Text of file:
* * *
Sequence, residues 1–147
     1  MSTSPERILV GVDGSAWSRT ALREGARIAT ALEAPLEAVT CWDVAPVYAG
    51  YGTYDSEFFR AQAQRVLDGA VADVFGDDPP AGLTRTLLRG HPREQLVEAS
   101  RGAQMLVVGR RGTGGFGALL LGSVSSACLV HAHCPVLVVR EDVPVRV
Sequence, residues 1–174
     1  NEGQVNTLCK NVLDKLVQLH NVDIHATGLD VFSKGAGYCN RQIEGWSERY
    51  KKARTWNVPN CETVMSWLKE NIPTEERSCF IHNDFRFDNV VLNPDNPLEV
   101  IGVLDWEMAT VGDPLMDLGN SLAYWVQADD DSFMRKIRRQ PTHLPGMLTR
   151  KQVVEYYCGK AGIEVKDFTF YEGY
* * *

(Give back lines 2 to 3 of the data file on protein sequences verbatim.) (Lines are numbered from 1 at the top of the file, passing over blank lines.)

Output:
     1  MSTSPERILV GVDGSAWSRT ALREGARIAT ALEAPLEAVT CWDVAPVYAG
    51  YGTYDSEFFR AQAQRVLDGA VADVFGDDPP AGLTRTLLRG HPREQLVEAS